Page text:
We stop beside a forest track, when suddenly Gregor yells: “Ooh, blueberries!” and the two of them charge off into the undergrowth for an impromptu bit of foraging. Later, we cycle further into the forest and collect a big bag of chanterelle mushrooms, which we have for dinner that evening at Fraoch Lodge, pan-fried with cream and utterly delicious.

Monthly foraging guide: what’s in season, where to find it, and how to forage responsibly

Trek to the top

On our last day in the Cairngorms, we return our bike and tag-along to Mike’s Bikes, and jump on the Number 31 bus to the ski centre at the foot of Cairn Gorm Mountain – where we cheat somewhat by taking the funicular, and shaving some 450m off our ascent.

It’s an easy walk from the top of the funicular to the 1,245m summit of Cairn Gorm, up broad slab steps then less steeply on a trail that follows a line of giant cairns. I’m quite sure my daughter won’t get tired, because she’s done much longer, steeper walks in the past, and has been excited about doing this one for months. “I’m tired,” she says after a grand total of three minutes, adding rather mournfully, “When can we stop for something to eat?” So we sit on a nice rock for a while and look down towards the funicular station and the expanse of Loch Morlich beyond, the sky blue and scattered with patches of ragged cloud. Although it’s well marked, you’re only allowed to do the summit walk from the top of the funicular with a guide – those wanting to walk up themselves need to follow the longer route from the bottom of the funicular.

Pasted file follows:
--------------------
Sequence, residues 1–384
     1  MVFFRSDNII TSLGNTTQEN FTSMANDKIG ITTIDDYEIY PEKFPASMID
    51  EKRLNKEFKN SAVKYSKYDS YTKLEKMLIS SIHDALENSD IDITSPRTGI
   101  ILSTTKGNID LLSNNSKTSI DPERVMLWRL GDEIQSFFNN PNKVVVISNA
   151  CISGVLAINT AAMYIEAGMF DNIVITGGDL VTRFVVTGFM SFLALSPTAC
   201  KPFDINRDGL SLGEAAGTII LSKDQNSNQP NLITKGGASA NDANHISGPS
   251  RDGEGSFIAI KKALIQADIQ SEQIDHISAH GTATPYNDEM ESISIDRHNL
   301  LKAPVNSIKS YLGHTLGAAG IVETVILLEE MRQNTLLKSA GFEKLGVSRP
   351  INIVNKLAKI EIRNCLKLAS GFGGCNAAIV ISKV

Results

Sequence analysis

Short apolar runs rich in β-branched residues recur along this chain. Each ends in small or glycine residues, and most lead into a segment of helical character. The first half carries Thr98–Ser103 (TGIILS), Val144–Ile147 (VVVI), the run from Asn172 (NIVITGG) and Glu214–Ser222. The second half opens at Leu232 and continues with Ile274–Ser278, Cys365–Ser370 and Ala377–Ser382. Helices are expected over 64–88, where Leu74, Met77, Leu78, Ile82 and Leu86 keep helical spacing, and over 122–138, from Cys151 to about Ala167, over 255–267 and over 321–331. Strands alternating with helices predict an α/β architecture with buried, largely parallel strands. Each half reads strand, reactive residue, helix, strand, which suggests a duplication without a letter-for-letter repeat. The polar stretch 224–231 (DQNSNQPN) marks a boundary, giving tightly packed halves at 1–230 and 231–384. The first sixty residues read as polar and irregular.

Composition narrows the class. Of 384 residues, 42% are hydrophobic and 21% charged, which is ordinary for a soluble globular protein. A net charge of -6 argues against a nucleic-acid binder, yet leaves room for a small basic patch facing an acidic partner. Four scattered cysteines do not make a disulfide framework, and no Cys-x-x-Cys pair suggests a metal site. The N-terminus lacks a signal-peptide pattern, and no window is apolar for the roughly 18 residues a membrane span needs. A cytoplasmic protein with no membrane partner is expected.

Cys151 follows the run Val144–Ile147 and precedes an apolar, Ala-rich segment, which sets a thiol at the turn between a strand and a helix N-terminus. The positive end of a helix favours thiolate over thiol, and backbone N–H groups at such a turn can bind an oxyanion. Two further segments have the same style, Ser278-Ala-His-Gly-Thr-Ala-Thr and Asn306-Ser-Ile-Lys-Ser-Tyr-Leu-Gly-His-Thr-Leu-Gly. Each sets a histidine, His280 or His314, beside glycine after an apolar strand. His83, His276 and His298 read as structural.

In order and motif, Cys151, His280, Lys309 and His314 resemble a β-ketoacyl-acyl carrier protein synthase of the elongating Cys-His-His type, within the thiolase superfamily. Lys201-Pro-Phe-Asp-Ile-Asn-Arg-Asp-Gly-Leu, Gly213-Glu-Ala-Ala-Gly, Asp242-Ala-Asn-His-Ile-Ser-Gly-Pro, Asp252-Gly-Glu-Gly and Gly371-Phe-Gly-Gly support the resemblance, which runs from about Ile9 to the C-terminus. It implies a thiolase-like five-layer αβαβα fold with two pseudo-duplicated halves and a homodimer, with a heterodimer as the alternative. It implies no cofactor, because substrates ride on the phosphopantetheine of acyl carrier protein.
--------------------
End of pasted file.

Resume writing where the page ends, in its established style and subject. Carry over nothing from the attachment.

After our short break, the remainder of the walk goes much faster, accompanied by a discussion about cairns, and which rocks on the path you should or shouldn’t stand on. The view from beside the enormous summit cairn is vast, taking in Ben Macdui, Cairn Toul, Braeriach and the Angels’ Peak to the southwest, and even – some 50 miles to the west – a distant Ben Nevis.

Cairngorms conclusion

Tamara surveys the scene at the summit of Cairn Gorm Mountain. Picture © Rudolf Abraham